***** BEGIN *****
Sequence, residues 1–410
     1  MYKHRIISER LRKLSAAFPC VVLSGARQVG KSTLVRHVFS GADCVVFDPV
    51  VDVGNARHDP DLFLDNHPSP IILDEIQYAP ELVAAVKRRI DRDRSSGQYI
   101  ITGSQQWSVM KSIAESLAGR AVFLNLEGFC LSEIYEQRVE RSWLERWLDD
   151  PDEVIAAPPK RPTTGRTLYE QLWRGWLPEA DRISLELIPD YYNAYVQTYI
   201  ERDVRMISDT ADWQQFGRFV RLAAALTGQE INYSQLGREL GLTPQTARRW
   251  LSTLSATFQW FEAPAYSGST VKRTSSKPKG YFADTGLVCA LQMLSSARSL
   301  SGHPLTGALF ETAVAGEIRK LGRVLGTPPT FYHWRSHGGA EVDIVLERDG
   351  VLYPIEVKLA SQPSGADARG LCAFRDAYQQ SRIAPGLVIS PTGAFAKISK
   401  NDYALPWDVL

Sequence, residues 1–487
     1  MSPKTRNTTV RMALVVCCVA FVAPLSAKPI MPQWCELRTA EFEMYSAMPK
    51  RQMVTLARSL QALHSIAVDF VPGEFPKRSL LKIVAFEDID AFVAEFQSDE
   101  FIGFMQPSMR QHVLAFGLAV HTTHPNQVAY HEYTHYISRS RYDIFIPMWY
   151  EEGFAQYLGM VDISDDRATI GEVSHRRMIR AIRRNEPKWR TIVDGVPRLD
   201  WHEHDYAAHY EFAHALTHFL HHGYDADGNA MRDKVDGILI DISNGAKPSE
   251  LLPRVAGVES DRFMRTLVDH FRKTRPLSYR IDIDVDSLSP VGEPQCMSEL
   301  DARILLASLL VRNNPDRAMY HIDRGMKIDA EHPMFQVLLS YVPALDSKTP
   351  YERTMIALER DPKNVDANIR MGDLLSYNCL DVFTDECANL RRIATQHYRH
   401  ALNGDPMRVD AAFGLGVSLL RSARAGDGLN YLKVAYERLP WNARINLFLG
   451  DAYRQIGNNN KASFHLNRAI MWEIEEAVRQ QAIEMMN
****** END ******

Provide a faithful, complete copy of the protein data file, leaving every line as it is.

Sequence, residues 1–410
     1  MYKHRIISER LRKLSAAFPC VVLSGARQVG KSTLVRHVFS GADCVVFDPV
    51  VDVGNARHDP DLFLDNHPSP IILDEIQYAP ELVAAVKRRI DRDRSSGQYI
   101  ITGSQQWSVM KSIAESLAGR AVFLNLEGFC LSEIYEQRVE RSWLERWLDD
   151  PDEVIAAPPK RPTTGRTLYE QLWRGWLPEA DRISLELIPD YYNAYVQTYI
   201  ERDVRMISDT ADWQQFGRFV RLAAALTGQE INYSQLGREL GLTPQTARRW
   251  LSTLSATFQW FEAPAYSGST VKRTSSKPKG YFADTGLVCA LQMLSSARSL
   301  SGHPLTGALF ETAVAGEIRK LGRVLGTPPT FYHWRSHGGA EVDIVLERDG
   351  VLYPIEVKLA SQPSGADARG LCAFRDAYQQ SRIAPGLVIS PTGAFAKISK
   401  NDYALPWDVL

Sequence, residues 1–487
     1  MSPKTRNTTV RMALVVCCVA FVAPLSAKPI MPQWCELRTA EFEMYSAMPK
    51  RQMVTLARSL QALHSIAVDF VPGEFPKRSL LKIVAFEDID AFVAEFQSDE
   101  FIGFMQPSMR QHVLAFGLAV HTTHPNQVAY HEYTHYISRS RYDIFIPMWY
   151  EEGFAQYLGM VDISDDRATI GEVSHRRMIR AIRRNEPKWR TIVDGVPRLD
   201  WHEHDYAAHY EFAHALTHFL HHGYDADGNA MRDKVDGILI DISNGAKPSE
   251  LLPRVAGVES DRFMRTLVDH FRKTRPLSYR IDIDVDSLSP VGEPQCMSEL
   301  DARILLASLL VRNNPDRAMY HIDRGMKIDA EHPMFQVLLS YVPALDSKTP
   351  YERTMIALER DPKNVDANIR MGDLLSYNCL DVFTDECANL RRIATQHYRH
   401  ALNGDPMRVD AAFGLGVSLL RSARAGDGLN YLKVAYERLP WNARINLFLG
   451  DAYRQIGNNN KASFHLNRAI MWEIEEAVRQ QAIEMMN